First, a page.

National Geographic : 1945 Jan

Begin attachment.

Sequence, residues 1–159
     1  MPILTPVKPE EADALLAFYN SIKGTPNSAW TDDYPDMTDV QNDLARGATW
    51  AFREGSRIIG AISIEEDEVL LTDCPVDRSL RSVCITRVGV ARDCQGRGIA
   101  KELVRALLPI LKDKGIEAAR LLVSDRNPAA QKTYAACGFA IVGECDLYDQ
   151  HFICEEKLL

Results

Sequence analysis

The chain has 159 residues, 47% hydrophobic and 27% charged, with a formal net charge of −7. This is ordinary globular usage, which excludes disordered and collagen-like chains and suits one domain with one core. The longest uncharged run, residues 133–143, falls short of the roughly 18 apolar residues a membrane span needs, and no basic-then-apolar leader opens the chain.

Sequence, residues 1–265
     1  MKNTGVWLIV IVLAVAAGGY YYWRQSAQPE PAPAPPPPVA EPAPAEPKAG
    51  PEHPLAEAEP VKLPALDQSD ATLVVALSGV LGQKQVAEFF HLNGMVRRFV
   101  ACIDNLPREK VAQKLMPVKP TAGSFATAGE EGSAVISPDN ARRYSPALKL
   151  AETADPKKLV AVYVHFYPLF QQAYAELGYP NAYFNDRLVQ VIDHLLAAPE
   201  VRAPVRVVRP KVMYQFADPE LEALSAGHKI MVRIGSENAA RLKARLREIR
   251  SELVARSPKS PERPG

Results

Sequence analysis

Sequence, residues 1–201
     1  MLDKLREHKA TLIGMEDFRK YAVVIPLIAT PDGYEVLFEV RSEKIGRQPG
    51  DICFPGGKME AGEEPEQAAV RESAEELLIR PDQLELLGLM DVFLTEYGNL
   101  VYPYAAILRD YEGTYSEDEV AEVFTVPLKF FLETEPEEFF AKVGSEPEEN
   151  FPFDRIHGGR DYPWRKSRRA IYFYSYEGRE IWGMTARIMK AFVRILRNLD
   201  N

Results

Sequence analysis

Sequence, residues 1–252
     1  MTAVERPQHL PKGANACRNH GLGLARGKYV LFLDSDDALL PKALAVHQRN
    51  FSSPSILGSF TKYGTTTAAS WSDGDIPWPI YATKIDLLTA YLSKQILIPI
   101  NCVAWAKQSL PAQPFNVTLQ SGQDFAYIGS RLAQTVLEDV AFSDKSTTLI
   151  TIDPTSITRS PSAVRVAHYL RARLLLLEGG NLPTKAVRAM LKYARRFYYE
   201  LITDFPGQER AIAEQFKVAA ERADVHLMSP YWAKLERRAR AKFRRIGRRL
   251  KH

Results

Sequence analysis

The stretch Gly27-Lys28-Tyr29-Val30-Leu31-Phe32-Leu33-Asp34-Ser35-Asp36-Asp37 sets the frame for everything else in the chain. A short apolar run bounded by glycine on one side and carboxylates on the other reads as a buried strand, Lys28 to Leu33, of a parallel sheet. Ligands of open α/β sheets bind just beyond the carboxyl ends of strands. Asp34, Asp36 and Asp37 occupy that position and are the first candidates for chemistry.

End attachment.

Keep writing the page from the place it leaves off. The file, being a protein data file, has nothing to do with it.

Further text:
The National Geographic Magazine days and the carcass would wash ashore. The boats of the Aleut were like those of the Eskimo, consisting of small closed skin covered canoes for one or two men, used pri marily for hunting sea mammals, and a large skin-covered open boat used for transporta tion and often capable of carrying 30 persons. Like the Eskimo, the Aleut's principal weapons were javelins or harpoons, propelled by a throwing stick. This weapon also was once used to some extent by the Tlingit. Aleut whaling ceremonies were similar to those of the Nootka. Only the whaling lead ers knew the secret of preparing poison and they made the remainder of the populace be lieve that it achieved its magical potency from the fat of corpses.* When first encountered by the whites the Aleuts were frequently engaged in warfare, but later they became a peaceful people. In addition to the spear thrower, they used bow and arrows as weapons and in war carried wooden shields or wore rod armor. The latitude of the Aleutian Islands is the same as that of England and Germany, so temperatures are not severe. The warm wa ters of the Japan Current here encounter the cold northern waters, producing almost con tinuous fogs and overcast conditions. Aboriginal costumes were Eskimolike. The men wore long shirts, made from feathered birdskins sewn together, while women wore similar garments made from the skins of fur seal or sea otter, outfits which today would be the envy of any Fifth Avenue dweller. Aleuts Wore Hooded Raincoats In rainy weather, light transparent water proof raincoats were worn. They were made from strips of seal intestines, decorated at the seams with tufts of bright-colored feathers. The raincoats were equipped with a pointed hood to protect the head, like the modern woman's oil-silk raincoat with hood. They had drawstrings on the hood and wrists. Because of the abundant food supply sea mammals, fish, birds, and birds' eggs, mol lusks, and various berries and roots-the Aleu tians were about as densely populated in aboriginal times as any section of America. In 1740 there were probably 25,000 natives in the islands, but the effect of white contact was disastrous to them. In 1834, according to the missionary Veniaminoff, there were fewer than 2,500 remaining. The smallpox epidemic in 1848 reduced them to about 900. The Aleut language is related to that of * See "Riddle of the Aleutians," by Isobel Wylie Hutchison, NATIONAL GEOGRAPHIC MAGAZINE, De cember, 1942. the Eskimo, and there seems little doubt that their ancestors moved out onto the islands from the American mainland. Then Came the Japs After a long period of relative peace and quiet, the vicissitudes of the Aleuts began anew with the Japanese invasion of the west ern islands in 1942. There have been told many tales of heroism on the part of the Aleuts, who at last had a chance to prove some of their old skills in warfare. The fate of those occupying Attu is still unknown. When the Americans reoccupied this island, all of the natives were gone. Most of the things of which we have spoken are now memories of the recent past. Excepting for those which have been set apart and guarded in parks or museums, only a few rotting totem poles still stand where they were once so proudly raised (Plate VI). Plenty of old men and women still live who were an integral part of the old life. Their forebears inhabited the entire north west coast region from Puget Sound to the Copper River Delta in south Alaska. North ernmost were the Tlingit, who came into con tact with the Eskimo and the Ahtena Indians. They were the first northwest Indians to en counter European civilization, when they were visited by the Russians in 1741. South of them were the Haida, who occupied the Queen Charlotte Islands and the southern part of Prince of Wales Island; and the Tsim shian, who lived along the coast from Port land Canal to Milbank Sound and pushed inland to the headwaters of the Nass and Skeena Rivers. From a point south of Skeena River to the northern coast of Vancouver Island dwelt the Kwakiutl, but their territory was almost split in two by a Salishan tribe, the Bellacoola (Plate IX), who lived along Dean Channel and the Bella Coola River. Southernmost of the typical tribes was the Nootka, occupying most of the west coast of Vancouver Island. Their colorful cedar dugouts now have given way to the gasoline launch. The hunter pur sues the deer and the wild duck with rifle and shotgun. The sea otter, which once supplied the Northwest Coast Indian with his standard of value, is now almost extinct. Skill in war has been handed down to the present. Descendants of the Eagle, Raven, and Thunderbird now ride the backs of P-38's, Mosquitoes, and Flying Fortresses in the United States and Canadian Air Forces. Sons of the Killer Whale and the Sculpin serve in the United States and British Navies.